The Management of Health and Safety at Work Regulations 1999 require employers to assess the risks of activities, introduce measure to control those risks and inform their employees of these measures. Employers must ensure that those carrying out risk assessments are competent to do so.
A risk assessment is a careful examination of the work activities that could, whether on or off site, cause harm to people so that your employer can weigh up whether they have taken adequate precautions or should do more to prevent harm.
ATL's safety representatives are elected by their colleagues to represent them in health and safety matters.
As a health and safety representative, ATL is here to support you.
Personal liability for the health and safety of students on educational visits concerns many ATL members and press reports of accidents and deaths on visits always serve to heighten this concern. For claims to succeed, negligence must be proven.
Clear dialogue between parents and schools is important in making sure parental consent is obtained, that schools have all the information they require about pupils, and when making decisions about whether a pupil has to be excluded from a trip.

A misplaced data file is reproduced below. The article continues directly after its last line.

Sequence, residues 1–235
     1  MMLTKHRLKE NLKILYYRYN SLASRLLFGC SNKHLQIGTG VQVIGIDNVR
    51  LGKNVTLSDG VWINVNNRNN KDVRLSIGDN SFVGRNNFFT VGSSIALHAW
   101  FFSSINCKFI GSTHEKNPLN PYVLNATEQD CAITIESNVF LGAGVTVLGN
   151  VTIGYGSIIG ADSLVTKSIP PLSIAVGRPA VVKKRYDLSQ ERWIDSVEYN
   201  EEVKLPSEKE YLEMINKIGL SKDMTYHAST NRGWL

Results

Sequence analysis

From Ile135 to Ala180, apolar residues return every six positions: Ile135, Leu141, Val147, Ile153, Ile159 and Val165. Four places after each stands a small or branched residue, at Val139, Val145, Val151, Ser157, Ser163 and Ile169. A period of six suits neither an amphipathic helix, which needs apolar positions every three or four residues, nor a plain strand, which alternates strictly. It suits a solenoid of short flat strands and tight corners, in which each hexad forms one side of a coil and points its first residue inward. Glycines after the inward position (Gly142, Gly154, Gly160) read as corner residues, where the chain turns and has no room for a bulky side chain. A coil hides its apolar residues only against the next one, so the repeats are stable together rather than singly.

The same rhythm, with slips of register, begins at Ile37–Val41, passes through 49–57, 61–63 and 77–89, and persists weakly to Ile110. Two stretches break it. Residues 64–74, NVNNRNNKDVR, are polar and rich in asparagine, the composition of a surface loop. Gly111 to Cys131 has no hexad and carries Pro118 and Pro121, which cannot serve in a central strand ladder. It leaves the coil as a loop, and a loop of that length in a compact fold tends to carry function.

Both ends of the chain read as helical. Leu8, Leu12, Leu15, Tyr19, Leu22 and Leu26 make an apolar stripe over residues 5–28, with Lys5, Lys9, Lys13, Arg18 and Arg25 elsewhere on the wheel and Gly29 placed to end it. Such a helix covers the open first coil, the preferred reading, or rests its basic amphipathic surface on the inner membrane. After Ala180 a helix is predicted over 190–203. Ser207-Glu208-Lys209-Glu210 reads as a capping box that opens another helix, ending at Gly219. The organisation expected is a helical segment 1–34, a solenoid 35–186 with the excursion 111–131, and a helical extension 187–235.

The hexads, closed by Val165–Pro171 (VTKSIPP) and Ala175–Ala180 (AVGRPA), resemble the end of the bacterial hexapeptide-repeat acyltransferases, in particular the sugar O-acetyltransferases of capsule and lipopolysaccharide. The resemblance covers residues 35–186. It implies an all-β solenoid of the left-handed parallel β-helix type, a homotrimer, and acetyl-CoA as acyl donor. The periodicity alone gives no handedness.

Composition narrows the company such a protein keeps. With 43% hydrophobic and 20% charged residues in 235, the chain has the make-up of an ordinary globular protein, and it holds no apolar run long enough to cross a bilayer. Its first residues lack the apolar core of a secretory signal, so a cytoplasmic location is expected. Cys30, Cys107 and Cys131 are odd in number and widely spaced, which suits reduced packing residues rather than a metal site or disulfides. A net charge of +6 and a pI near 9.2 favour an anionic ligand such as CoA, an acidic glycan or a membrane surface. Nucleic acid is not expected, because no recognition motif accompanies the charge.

The Management of Health and Safety at Work Regulations 1999 require employers to carry out formal assessments of any risks to new or expectant mothers in the workplace. Risks include those to the unborn child or to the child who is being breastfed.
Back injuries are the greatest single cause of absenteeism from the workplace, often caused by manual handling activities, eg the lifting and carrying of loads. ATL is concerned at the number of members injured as a result of such activities.
This page sets out the steps that you should consider following a physical assault.
The important thing to remember is that stress is an organisational problem, not an individual weakness. If you are suffering from work-related stress, your employer has a legal duty to tackle it. There is no stigma attached to asking for help.